# Recursive filter with repeated poles

This post follows this previous resolved post where I was trying to find the inverse Z-transform of a more simple filter output (that I used as an example to get the methodology). The present filter implements an additional integrator and I tried to use the same method. The problem is, I am not sure about how to deal with repeated poles. $$H(z)$$ and $$X(z)$$ are given by:

$$H(z)= \frac{(1-z^{-K})(1-z^{-L})}{{(1-z^{-1})}^{2}}$$ $$X(z) =\mathcal{Z}\{x[nT]\}= \mathcal{Z}\left\{Ae^{-\frac{nT}{\tau}}u[n]\right\} = A\dfrac{z}{z-e^{-\frac{T}{\tau}}}= A\dfrac{1}{1-e^{-\frac{T}{\tau}}z^{-1}}$$

I want to express $$y[n]$$ as a function of the pulse amplitude $$A$$, $$L$$, $$K$$, $$n$$ (sample number), $$T$$(sampling period), and the time constant $$\tau$$; my goal being to retrieve the pulse amplitude $$A$$.

I used polynomial long division to develop $$H(z)$$ and i came up with something like this, assuming $$K>L$$:

$$(1)\space H(z)=1+2z^{-1}+3z^{-2}+...+(L+1)z^{-L+1}+Lz^{-L}+Lz^{-L-1}+..+Lz^{-K+1}+(L-1)z^{-K}+(L-2)z^{-K-1}+...+z^{-K-L+2}$$

Now I describe $$Y(z)$$ using partial fraction expansion: $$Y(z) = H(z).X(z) = A.\left[\frac{(1-z^{-K})(1-z^{-L})}{{(1-z^{-1})}^{2}(1-e^{-\frac{T}{\tau}}z^{-1})}\right] = A.\left[\frac{B_0}{(1-e^{-\frac{T}{\tau}}z^{-1})} + \frac{B_1}{(1-z^{-1})} + \frac{B_2}{{(1-z^{-1})}^2}\right]$$ \begin{align*} & (1-z^{-K})(1-z^{-L})=B_0.{(1-z^{-1})}^{2}+ B_1.(1-z^{-1}).(1-e^{-\frac{T}{\tau}}z^{-1})+B_2.(1-e^{-\frac{T}{\tau}}z^{-1}) \\ & H(z)(1-z^{-1})^{2}= B_0.{(1-z^{-1})}^{2}+ B_1.(1-z^{-1}).(1-e^{-\frac{T}{\tau}}z^{-1})+B_2.(1-e^{-\frac{T}{\tau}}z^{-1})\\ \end{align*} We obtain: \begin{align*} &B_0 = H(z) = 1+2z^{-1}+3z^{-2}+...+(L+1)z^{-L+1}+Lz^{-L}+Lz^{-L-1}+..+Lz^{-K+1}+(L-1)z^{-K}+(L-2)z^{-K-1}+...+z^{-K-L+2}\\ & B_2 = 0 \\ \end{align*} Not sure about $$B_1$$: \begin{align*} &(2)\space B_1 = \frac{d}{dz^{-1}}\left[H(z).(1-z^{-1})^{2}\right]_{z^{-1}=1} = \frac{d}{dz^{-1}}\left[\frac{1-z^{-K}-z^{-L}+z^{-K-L}}{1-e^{-\frac{T}{\tau}}z^{-1}}\right]_{z^{-1}=1} = \left[\frac{(Kz^{-K}+Lz^{-L}-(L+K)z^{-K-L})(1-e^{-\frac{T}{\tau}}z^{-1})-(1-z^{-K}-z^{-L}+z^{-K-L})(e^{-\frac{T}{\tau}}z^{-2})}{(1-e^{-\frac{T}{\tau}}z^{-1})^{2}}\right]_{z^{-1}=1} \\ \end{align*} If $$B_0$$ is correct (I am not sure), the inverse z-transform of $$\frac{B_0}{(1-e^{-\frac{T}{\tau}}z^{-1})}$$ can easily be retrieved. As for $$B_1$$, I get: \begin{align*} &(3)\space \frac{B_1}{1-z^{-1}}=-\frac{(1-z^{-K})(1-z^{-L})e^{-\frac{T}{\tau}}z^{-2}}{(1-e^{-\frac{T}{\tau}}z^{-1})^{2}(1-z^{-1})}=-\frac{(1 + z^{-1} + \dots + z^{-K+1} -z^{-L}-z^{-L-1}- \dots -z^{-K-L+1})e^{-\frac{T}{\tau}}z^{-2}}{(1-e^{-\frac{T}{\tau}}z^{-1})^{2}}{} \end{align*}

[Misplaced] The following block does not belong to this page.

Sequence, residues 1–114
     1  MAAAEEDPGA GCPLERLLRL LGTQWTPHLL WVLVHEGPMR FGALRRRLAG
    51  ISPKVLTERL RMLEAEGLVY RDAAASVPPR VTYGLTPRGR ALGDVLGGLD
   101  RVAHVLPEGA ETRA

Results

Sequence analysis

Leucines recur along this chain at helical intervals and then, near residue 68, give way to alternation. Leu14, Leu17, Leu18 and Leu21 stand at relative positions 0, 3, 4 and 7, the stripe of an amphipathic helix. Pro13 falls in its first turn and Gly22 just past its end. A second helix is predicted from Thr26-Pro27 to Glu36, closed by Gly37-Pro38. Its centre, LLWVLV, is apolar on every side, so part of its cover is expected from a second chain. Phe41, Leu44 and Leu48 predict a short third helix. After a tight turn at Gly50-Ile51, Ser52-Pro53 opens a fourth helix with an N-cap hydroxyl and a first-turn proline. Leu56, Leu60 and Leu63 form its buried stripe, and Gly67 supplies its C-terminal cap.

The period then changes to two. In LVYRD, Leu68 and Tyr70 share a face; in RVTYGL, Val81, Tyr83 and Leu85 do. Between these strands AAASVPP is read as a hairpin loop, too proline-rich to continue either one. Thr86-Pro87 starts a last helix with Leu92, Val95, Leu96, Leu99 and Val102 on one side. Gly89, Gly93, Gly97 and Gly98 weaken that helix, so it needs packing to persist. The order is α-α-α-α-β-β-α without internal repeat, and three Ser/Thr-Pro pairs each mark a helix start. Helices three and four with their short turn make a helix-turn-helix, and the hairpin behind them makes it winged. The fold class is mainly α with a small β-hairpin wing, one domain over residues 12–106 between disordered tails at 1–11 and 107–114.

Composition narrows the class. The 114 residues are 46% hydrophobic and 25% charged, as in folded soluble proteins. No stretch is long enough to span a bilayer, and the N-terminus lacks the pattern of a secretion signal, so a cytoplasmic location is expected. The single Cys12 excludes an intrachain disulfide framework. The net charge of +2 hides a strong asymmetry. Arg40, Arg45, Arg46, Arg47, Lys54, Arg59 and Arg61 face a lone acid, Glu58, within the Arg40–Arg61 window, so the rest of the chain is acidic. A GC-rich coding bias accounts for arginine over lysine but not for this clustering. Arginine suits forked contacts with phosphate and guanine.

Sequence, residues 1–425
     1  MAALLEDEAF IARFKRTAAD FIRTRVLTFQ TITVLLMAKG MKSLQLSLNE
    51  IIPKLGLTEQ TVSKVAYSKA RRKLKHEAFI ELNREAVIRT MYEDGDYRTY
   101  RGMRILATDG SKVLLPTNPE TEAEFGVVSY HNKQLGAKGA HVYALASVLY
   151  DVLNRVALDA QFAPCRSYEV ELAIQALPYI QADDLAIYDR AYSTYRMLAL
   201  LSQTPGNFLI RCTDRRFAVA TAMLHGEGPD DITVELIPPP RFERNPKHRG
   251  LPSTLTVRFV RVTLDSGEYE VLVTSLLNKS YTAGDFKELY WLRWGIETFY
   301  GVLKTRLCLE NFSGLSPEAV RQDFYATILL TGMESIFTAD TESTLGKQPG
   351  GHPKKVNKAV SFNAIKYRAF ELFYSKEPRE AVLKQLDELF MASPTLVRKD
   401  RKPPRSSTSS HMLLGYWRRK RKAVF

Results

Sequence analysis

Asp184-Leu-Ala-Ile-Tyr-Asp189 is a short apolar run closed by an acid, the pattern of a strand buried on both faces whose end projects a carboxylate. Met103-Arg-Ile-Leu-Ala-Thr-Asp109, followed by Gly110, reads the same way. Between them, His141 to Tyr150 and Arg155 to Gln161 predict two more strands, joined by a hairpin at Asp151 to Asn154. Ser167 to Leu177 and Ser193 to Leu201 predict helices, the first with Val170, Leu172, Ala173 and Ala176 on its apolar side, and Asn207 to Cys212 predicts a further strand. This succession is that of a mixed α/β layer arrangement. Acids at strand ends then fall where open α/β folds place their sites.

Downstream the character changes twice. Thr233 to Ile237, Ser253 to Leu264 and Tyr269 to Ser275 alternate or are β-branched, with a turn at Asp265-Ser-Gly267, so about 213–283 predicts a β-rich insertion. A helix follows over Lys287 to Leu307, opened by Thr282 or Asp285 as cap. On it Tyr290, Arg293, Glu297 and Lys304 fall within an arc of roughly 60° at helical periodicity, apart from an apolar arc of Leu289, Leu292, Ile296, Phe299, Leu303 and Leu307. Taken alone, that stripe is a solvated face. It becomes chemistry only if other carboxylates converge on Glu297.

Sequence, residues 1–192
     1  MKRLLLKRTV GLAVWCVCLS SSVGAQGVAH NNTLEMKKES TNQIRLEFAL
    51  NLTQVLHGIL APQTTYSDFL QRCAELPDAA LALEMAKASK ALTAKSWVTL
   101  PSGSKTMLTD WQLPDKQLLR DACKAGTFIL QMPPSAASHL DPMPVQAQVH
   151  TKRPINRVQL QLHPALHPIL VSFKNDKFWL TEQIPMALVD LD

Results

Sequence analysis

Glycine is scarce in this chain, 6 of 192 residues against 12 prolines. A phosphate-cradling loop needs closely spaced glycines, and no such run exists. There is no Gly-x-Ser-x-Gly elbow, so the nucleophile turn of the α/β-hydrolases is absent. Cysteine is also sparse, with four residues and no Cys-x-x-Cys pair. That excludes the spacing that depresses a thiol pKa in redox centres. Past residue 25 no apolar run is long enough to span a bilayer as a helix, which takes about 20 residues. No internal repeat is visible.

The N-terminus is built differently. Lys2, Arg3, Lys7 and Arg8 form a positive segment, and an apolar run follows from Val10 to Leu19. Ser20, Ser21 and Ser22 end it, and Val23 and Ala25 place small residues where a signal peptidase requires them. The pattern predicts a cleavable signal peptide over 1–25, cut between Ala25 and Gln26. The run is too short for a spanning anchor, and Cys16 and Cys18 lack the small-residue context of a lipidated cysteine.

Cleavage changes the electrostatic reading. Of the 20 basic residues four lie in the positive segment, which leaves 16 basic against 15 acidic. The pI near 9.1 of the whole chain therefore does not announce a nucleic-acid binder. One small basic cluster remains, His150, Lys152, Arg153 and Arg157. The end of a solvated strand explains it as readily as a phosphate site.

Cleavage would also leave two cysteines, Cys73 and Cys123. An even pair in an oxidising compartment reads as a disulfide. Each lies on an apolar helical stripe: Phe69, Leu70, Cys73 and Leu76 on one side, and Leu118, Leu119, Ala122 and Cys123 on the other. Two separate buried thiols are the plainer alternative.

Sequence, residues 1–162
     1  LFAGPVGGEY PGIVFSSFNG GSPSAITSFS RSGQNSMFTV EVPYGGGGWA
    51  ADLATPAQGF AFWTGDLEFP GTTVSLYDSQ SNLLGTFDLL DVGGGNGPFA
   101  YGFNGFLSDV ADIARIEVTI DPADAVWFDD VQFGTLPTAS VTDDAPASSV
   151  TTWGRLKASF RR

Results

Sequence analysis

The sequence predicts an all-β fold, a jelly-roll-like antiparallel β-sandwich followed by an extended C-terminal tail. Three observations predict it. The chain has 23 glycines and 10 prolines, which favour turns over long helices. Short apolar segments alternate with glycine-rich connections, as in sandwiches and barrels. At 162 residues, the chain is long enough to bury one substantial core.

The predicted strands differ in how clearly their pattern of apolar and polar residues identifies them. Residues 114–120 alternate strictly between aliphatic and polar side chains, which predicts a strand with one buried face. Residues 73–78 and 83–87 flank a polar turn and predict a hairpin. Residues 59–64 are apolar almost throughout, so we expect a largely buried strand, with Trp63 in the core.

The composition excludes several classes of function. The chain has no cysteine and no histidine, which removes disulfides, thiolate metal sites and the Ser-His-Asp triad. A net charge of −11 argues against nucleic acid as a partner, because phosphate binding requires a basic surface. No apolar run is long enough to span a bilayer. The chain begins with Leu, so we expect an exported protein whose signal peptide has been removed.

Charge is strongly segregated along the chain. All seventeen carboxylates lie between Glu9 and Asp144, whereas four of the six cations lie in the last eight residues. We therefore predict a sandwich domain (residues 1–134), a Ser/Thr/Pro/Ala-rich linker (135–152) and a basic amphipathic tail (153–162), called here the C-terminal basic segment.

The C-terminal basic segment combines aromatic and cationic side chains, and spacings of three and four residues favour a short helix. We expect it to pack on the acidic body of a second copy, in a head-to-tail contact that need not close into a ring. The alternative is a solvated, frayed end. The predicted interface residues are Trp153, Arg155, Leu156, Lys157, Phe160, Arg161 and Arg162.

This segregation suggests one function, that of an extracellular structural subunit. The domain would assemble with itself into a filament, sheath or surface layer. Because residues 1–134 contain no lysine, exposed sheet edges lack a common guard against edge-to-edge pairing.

Now according to this table http://lpsa.swarthmore.edu/LaplaceZTable/LaplaceZFuncTable.html, my expression looks similar to the follow one. However I tried to apply it on a concrete example (using Excel), and it looks like I have missed something or got something wrong.

Any help would be greatly appreciated

I assume that by "inverse Z-transform" you simply mean the impulse response of the filter.

That's much easier done in the time domain directly. The first section has an impulse response of $$h_1[n] =\begin{cases} 1 & \text{ if } n= 0\\ -1 & \text{ if } x= K\\ 0 & otherwise \end{cases}$$ So basically a positive spike at n=0 and a negative spike at $$n = K$$

The integrator picks up the first spike and keeps it until you hit the negative spike, which cancels the positive one and everything is zero again. So the resulting impulse response is a rectangular window $$h_2[n] =\begin{cases} 1 & \text{ if } 0 \leq n < K \\ 0 & otherwise \end{cases}$$

The second half of the filter has exactly the same structure as the first half and so it produces a rectangular window of length $$L$$.

The overall impulse response is then simply the convolution of both rectangular windows. This will be a triangle for $$K=L$$ and a trapezoid otherwise. The ramps of the trapezoid have the length of the smaller of K and L and the length of the flat part is the difference between K and L. Total length is $$L+K-1$$

Assuming K is the smaller one we could write this as

$$h[n] =\begin{cases} n+1 & \text{ if } 0 \leq n < K \\ K & \text{ if } K \leq n < L \\ K-1-(n-L) & \text{ if } L \leq n < L+K-1 \\ 0 & otherwise \end{cases}$$

• The reason I wanted to express $y[n]$ as a function of the pulse amplitude (A), $\tau$, $K$, $L$, and $n$ is to retrieve A using: $$y_{measured}[n_{flatTop}] = A*\left[y_{calculated}[n_{flatTop}]\right]$$ with $y_{measured}[n_{flatTop}]$ the measure of the filter output for $n$ within the trapezoid flat top, and $y_{calculated}[n_{flatTop}]$ the theorical filter output at this same $n$, without considering A. I tried it and it seems that I am missing another term in the equation, in addition to $B_0$. This seems to be confirmed by the fact that $B_0$ only has additions of positive terms. – Dams0622 Nov 28 '18 at 22:38